Drawing on contemporary reports of the Observer journalists Patrick Seale and Maureen McConville,[6] Orr asserted that the desire of the strikers was not to reform the political system but to replace it entirely by a system of democratic self-governance, in which all employees have a say in the decision-making process. Orr argued that while in 1968 the technology did not exist to enable all citizens to participate in decision making, it exists today.

Orr has argued that political corruption is an inherent feature of politics by representatives and of all elections and that only a system of "politics without politicians" can eliminate corruption.

Orr has written and distributed two major works on direct democracy, Politics without Politicians, an outline of the central tenets of direct democracy, and Big Business, Big Government or Direct Democracy: Who Should Shape Society?, a history of the 20th century viewed in terms of the conflict between state and private control of the economy, a conflict that he sees as the defining feature of the epoch. He states that a system of direct democracy is the only viable alternative to "big government states" or "big business states", both of which he views as oppressive forms of governance.[7]

Works

English

  • 1972 – The Other Israel: the Radical Case against Zionism, ed. Arie Bober, with contributions by various Matzpen members (Doubleday)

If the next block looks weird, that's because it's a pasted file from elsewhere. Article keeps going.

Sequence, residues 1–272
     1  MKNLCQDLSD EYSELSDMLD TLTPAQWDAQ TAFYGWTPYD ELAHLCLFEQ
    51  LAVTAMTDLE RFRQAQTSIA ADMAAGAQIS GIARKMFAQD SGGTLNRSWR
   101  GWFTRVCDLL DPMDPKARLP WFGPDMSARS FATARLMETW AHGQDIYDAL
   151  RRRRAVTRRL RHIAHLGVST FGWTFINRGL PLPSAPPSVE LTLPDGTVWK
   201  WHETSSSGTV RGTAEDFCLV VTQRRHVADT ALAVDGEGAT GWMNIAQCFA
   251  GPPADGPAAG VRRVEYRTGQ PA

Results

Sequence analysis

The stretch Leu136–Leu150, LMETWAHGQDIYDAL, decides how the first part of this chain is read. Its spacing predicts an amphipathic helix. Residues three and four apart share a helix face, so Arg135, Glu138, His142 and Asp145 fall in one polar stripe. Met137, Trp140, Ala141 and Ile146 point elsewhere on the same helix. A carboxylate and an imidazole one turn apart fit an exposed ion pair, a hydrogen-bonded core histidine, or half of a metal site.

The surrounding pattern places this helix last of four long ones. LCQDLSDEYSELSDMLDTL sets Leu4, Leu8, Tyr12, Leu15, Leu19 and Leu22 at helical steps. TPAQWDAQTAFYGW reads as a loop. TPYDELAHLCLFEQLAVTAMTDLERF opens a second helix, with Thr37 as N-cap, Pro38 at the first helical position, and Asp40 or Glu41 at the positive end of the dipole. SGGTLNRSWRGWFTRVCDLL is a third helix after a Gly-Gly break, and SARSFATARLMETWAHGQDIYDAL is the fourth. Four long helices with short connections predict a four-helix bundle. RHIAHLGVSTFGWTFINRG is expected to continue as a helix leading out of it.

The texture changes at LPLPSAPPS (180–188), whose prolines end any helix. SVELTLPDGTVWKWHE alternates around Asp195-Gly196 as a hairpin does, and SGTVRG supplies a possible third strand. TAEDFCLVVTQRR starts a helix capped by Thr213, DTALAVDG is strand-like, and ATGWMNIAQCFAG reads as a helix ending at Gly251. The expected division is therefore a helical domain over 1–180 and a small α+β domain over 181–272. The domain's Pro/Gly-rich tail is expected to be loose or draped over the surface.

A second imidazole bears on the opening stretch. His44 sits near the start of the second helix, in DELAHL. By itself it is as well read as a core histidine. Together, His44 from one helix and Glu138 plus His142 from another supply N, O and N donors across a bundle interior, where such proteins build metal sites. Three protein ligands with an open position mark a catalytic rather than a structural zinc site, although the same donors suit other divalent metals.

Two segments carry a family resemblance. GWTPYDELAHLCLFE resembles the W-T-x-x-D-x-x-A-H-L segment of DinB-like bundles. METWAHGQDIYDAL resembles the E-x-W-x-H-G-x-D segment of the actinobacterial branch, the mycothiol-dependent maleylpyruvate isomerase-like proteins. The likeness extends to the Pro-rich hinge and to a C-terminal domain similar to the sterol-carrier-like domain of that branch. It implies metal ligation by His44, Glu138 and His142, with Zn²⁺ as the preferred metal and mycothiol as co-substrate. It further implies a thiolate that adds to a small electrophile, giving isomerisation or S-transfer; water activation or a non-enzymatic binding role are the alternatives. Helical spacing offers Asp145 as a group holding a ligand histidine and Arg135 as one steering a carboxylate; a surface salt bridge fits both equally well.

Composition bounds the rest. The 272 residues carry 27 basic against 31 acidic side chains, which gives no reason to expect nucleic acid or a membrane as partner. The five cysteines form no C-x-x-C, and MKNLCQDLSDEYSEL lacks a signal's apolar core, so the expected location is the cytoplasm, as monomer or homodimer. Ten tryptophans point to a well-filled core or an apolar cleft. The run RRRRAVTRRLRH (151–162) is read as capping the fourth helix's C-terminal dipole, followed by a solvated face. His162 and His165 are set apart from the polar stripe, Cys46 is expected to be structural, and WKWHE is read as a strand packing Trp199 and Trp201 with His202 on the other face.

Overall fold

• 1984 – The Un-Jewish State: The Politics of Jewish Identity in Israel (Ithaca Press)
  • 1994 – Israel: Politics, Myths and Identity Crises (Pluto Press)
  • 2005 – Politics without Politicians (self-published, available online)
  • 2007 – Big Business, Big Government or Direct Democracy: Who Should Shape Society? (World Power Politics of the 20th Century and their Lesson) (self-published, available online)

Hebrew

  • 1961 – Peace Peace & There is No Peace - Shalom, Shalom ve'ein Shalom (with Moshe Machover)
  • 2002 – Alternative to a Psychotic State
  • 2003 – From Protest to Revolution (Five talks to young activists)
  • 2005 – Flashbacks (recollections of London)

References

  1. ^ "Akiva Orr, co-founder of Israeli radical left Matzpen party, passes away". +972 Magazine. February 9, 2013. Retrieved 14 February 2013. 
  2. ^ "R.I.P. Akiva Orr". SchNEWS. 13 February 2013. Retrieved 14 February 2013. 
  3. ^ Politics Without Politicians
  4. ^ Website of Matzpen, The Socialist Organization in Israel. Accessed 22 August 2009.
  5. ^ ISRACA, issue no. 5, January 1973, p. 3.
  6. ^ Seale, P. & McConville, M. (1968). French Revolution 1968, London: Penguin.
  7. ^ Orr, A. (2007). Big Business, Big Government or Direct Democracy: Who Should Shape Society? Online version. Accessed 23 August 2009.

External links